A View from the Trenches: Fire, Ready, Aim Is Not a Success Factor in Due Diligence


Blending the Art and the Science of M&A
By Jack Prouty, President of the M&A Leadership Council

There is a very important reason the M&A Leadership Council program titles begin with “The Art of…” When it comes to M&A, having structures, processes, tools, etc. (the science of M&A) are very important, but understanding the art of planning and executing in mergers, acquisitions and divestitures is paramount. In this context, let me share with you a best practice in effective due diligence.

Many of you, including attendees at our due diligence programs, are acquiring small, privately held companies. While the points in this article are particularly relevant to these situations, the lessons learned are applicable to any due diligence effort. The typical approach is to immediately launch a full-scale effort to collect data on the target company and bury them in all sorts of information requests. We jump into the tactical activities without first engaging the target management to be part of the joint process. We fire off without first aiming. Let me propose an alternative approach that focuses on the “soft stuff”, or the art of effective diligence:

  • The first meeting with the target company should be all about building a relationship, not reviewing information requests. The objective should be to earn the right for a second meeting. A successful agenda would include:
    • Why we want to acquire you
    • The capabilities and assets your company brings to the combination
    • How you fit into our overall growth strategy
    • Why we are excited about having your company join ours
    • How we would work together during this due diligence process, including roles and responsibilities
    • The purpose and objectives of the diligence
    • How the process would work
  • For our diligence team, we should onboard and train them on not only our objectives and purpose in this diligence, but how we are going to interface and work with the target company. Areas of emphasis should include the rules of engagement with the target company, the need to “sell” to the target folks on the value of the deal, making a friend and building a relationship during the diligence, addressing the target management’s emotional issues and concerns by establishing trust and credibility with them, etc.
  • For the target company, I would also recommend educating and onboarding their team on the diligence process, basically a more detailed drill down on the points covered with the key target executive during that first meeting so they know what is required and what is not, how the diligence process will operate, how to escalate issues and concerns, non-disclosure agreements and gun-jumping. Most will have never been through a diligence project before, especially on the sell side, and you need to communicate with them and set expectations.
  • I would recommend that you put in a central coordinator on the flow of information requests to and from the target. Nothing frustrates or irritates the target more than multiple requests for the same information or a huge data dump of information needs that go beyond the information that is really essential. Set up the process so just one person on your side is facing off with the appropriate person on their side. For example, I have had large clients with a shared services group consisting of 6 different financial teams, each of whom want to interface with that one financial person in the target. When I have been involved in these situations, I insist that there should would be only one point person with the responsibility to coordinate the information requests from 6 financial areas and be the sole interface with the target’s financial person.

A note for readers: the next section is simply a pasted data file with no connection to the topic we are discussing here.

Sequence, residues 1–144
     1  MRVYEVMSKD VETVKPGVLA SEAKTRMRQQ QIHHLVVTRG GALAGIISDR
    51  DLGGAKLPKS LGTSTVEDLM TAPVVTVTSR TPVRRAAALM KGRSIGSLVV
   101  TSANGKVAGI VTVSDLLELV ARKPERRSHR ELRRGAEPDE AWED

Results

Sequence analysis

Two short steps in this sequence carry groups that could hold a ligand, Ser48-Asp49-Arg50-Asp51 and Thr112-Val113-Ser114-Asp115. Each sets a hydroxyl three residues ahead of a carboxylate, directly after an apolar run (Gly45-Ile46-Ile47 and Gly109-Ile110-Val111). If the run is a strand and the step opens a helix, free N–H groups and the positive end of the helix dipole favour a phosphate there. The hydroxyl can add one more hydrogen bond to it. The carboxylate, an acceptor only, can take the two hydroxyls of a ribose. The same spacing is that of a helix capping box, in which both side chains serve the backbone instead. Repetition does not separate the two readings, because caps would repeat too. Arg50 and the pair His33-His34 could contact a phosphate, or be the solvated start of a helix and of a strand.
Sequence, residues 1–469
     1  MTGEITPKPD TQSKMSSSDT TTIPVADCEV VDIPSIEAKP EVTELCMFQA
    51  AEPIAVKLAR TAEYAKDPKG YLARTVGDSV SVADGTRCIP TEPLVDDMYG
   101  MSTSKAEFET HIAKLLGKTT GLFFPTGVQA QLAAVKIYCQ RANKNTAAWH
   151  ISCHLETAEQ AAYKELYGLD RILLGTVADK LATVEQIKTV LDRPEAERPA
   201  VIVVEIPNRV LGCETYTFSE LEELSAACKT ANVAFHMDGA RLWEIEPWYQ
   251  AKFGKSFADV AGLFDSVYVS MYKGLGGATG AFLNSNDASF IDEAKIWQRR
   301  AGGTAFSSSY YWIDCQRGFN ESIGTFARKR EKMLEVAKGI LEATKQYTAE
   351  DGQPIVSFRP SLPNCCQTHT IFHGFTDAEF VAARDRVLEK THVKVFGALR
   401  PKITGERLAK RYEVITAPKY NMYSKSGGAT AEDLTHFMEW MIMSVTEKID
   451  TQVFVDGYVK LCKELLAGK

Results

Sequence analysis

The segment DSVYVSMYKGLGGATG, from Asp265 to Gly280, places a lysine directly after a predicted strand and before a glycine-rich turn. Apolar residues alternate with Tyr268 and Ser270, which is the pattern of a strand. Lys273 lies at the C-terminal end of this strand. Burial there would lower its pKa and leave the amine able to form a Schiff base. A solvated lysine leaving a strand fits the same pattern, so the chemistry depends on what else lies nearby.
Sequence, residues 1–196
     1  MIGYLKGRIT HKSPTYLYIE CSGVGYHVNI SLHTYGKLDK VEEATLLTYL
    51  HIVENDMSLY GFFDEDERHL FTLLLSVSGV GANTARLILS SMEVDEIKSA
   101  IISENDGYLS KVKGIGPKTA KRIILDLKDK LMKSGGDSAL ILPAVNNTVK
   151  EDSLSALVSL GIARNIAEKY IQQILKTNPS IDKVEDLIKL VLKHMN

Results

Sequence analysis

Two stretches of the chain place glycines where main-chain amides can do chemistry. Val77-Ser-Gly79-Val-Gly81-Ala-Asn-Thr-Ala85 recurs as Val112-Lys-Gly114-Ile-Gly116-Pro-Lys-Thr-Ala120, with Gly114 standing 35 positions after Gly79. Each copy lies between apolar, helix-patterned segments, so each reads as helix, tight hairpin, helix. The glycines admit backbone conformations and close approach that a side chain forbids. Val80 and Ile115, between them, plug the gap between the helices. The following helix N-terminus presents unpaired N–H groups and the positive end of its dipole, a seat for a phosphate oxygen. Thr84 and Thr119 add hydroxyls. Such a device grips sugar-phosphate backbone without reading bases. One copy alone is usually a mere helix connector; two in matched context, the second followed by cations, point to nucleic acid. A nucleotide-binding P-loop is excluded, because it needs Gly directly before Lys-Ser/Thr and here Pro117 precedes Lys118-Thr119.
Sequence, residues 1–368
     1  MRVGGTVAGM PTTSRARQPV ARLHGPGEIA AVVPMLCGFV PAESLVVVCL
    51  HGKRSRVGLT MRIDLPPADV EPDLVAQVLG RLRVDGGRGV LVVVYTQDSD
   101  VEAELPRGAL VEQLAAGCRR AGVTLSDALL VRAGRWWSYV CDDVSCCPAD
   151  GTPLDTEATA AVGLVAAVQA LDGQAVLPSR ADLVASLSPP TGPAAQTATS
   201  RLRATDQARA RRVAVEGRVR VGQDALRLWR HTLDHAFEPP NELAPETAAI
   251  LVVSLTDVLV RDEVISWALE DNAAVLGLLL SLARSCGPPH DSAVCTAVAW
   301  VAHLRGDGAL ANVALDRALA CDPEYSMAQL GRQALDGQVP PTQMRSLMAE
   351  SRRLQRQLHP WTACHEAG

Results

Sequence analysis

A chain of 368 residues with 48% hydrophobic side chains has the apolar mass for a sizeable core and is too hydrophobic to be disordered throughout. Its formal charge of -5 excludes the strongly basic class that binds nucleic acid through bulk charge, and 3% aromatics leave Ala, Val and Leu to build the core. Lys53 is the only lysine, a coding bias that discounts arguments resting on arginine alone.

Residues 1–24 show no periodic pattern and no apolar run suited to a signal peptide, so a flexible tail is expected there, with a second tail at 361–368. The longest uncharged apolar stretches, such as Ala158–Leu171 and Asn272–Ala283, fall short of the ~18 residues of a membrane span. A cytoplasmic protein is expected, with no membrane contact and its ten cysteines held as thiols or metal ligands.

• This next suggestion comes from a very smart client I worked with. Think about two different roles driving the process: the Negotiator and the Hugger. The Negotiator is focused on all the things that need to be done to assess the business; determine the value; and negotiate the purchase agreement and price. The Hugger is that person who deals with all the emotional issues and concerns the target seller has. These are real issues that could crater the deal if not addressed and include such real concerns as:
    • Why are they asking for this information?
    • Do I focus on running my business or providing all this information your company is requesting?
    • I have a real concern about a certain person on your team and how they are interacting with my people. This deal is not even close to being finalized, yet they are telling my people what to do and how things are going to work.
    • I am beginning to have seller’s remorse: Do I really want to sell my business? What will be my role after the sale? What happens to my business and my people?

The key role of the Hugger is to be the trusted friend, advocate and coach to help navigate the seller through the process; to give them a safe haven to vent and raise concerns; and ensure that these emotional barriers to the sale are effectively addressed so they don’t hinder the close of the deal.

I am just touching the surface of this area. But the key point is that you need to focus on the how of effective diligence just as much as the what, the art as much as the science. In other words, don’t fire before you first get ready and aim.

This topic of Seller Dynamics is just one of many that we cover in our course, The Art of M&A Due Diligence. Feel free to email me with your thoughts and comments on this article. I would also love hearing about your experiences and lessons learned.


Best regards,

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